The Seattle Human Services Department (HSD) has confirmed that they have a contract with SHARE and its sister organization WHEEL this year in the amount of $610,932 for indoor shelter services. Deputy Director Jason Johnson says HSD just learned of the impending shelter closure yesterday (Tuesday). Since then, he says, he’s talked to representatives of SHARE over the phone and via email to communicate the city’s opposition to SHARE closing most of its shelters.
“We do not support the closure of their city shelters,” says Johnson. “The city is working very hard to do just the opposite, to get more people indoors. Any action to close shelter programs that we fund, especially for political or advocacy purposes only puts the most vulnerable back onto the streets and takes away the opportunity for them to have a safe, warm indoor space with a roof over their head.”
Do you think this is for political or advocacy purposes?
“I do,” he says. “It’s directly connected to a request they’re making to the county [for money].”
Operators of the homeless advocacy and service group SHARE say that they’ll be forced to close down 15 shelters holding about 450 people Thursday morning, because they’re out of money.
“We are [cut] as close to the bone as is possible, and there is nothing that can be cut without toppling our whole network,” the group said in a Facebook post. Seattle Housing And Resource Effort (SHARE) members say that after two years of defunding from county government, they’ve reached their wallet’s end.
“On March 31st we will be rallying at 1 PM at Courthouse Park (3rd/Yesler),” the group wrote in a Facebook post, “then marching to the King County Administration Building Plaza and staying there until such a time that we can negotiate the needed funding in order to reopen our shelters.”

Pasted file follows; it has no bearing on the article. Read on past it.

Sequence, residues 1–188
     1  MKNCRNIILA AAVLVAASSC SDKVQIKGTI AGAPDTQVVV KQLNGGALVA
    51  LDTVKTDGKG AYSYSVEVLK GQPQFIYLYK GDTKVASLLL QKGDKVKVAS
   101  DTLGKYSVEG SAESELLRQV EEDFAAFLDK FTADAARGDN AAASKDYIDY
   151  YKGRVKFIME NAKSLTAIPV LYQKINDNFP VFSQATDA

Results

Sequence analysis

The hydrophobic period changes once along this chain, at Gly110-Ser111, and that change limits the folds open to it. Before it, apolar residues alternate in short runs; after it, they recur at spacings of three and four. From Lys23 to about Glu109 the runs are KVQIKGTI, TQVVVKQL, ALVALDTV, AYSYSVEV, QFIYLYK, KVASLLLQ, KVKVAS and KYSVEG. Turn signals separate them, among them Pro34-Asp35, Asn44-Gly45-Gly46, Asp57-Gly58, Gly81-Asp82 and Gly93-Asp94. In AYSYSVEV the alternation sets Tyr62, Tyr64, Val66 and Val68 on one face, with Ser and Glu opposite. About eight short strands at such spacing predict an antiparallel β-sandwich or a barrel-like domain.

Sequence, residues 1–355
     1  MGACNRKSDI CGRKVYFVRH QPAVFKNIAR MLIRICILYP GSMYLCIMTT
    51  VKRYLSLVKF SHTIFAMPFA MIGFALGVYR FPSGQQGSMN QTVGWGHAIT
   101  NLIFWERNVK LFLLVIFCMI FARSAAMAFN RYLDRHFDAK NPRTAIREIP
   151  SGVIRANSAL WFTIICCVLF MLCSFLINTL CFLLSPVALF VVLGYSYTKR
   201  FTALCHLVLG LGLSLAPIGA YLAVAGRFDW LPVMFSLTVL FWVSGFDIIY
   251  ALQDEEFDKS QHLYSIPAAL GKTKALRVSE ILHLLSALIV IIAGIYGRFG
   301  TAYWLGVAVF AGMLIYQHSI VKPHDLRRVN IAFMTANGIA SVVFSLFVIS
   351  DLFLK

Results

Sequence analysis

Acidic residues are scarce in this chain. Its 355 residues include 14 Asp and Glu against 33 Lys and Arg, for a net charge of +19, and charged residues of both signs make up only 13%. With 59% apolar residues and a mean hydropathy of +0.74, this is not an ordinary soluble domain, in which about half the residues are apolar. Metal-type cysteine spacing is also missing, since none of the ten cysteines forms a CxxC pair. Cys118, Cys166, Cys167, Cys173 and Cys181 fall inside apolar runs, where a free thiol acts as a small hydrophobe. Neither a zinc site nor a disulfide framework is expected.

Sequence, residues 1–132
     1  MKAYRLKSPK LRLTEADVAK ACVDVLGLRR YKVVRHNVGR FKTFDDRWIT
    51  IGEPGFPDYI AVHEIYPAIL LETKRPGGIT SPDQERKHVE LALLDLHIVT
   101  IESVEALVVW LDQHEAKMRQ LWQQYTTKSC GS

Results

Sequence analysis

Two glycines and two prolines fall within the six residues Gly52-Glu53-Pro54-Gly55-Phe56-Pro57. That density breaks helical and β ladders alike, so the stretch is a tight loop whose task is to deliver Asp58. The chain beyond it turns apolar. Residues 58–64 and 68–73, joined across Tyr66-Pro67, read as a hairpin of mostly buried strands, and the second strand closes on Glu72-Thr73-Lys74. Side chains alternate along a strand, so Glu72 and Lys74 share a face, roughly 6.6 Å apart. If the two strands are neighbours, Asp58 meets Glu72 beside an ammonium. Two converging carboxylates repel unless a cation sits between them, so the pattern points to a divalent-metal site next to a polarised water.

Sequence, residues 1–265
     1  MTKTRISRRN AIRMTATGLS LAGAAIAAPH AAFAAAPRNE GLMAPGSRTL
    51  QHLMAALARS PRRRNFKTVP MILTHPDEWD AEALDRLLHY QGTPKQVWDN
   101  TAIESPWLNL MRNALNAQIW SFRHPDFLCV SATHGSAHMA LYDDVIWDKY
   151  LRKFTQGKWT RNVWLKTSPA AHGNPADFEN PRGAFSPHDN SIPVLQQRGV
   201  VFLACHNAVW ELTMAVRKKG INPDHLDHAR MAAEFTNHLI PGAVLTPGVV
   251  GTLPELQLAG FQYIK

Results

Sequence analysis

“We were always broke,” says Jarvis Capucion, a SHARE organizer, “but at $70,000 in debt we can’t keep going.” He says that staff members have been working without pay due to the organization’s insolvency.
If the shelters close as planned, Capucion says, “we will stay safe together as a community, and not just scatter in the wind.” In practice, that will mean a rally at 1pm in Courthouse Park downtown, and then a visit to the King County Administration Building across the street to confront the elected officials SHARE says are responsible for their funding shortfall. They hope to set up an encampment at the KCA building “if they let us,” Capucion says.
Capucion and other SHARE members say the cause for this fiscal crisis is de-funding from King County. They say the county cut their funding from about $60,000 in 2014 to about $20,000 last year, then cut all funding this year. SHARE members say this contradicts the county’s official homelessness plan, which says in part that the county should “Ensure sufficient shelter capacity, including the preservation of existing shelter.”
Adrienne Quinn, director of the county’s Department of Community and Human Services, says it’s true that the county has reduced its funding to SHARE. But she called SHARE’s claim that it’s broke “confusing” because “the City of Seattle has awarded them $630,000 for this year.” At least some of that money hasn’t been spent yet, she says. (We have a call in to the city to confirm this.) Quinn similarly called SHARE’s claim that they’re running out of subsidized bus tickets “…perplexing, because we awarded SHARE/WHEEL $383,000 worth of bus tickets, and they’ve only utilized a quarter of that allotment so far.”
“We’re trying to figure out what is going on,” says Quinn, “but some of the information that is being put out there is not resonating with the information that we have in terms of the unused resources available that have already been allocated to them.”
In addition to their shelters, SHARE runs three tent cities which are not facing imminent closure. SHARE is a distinct entity from Nickelsville, although organizer Scott Morrow is involved with both groups.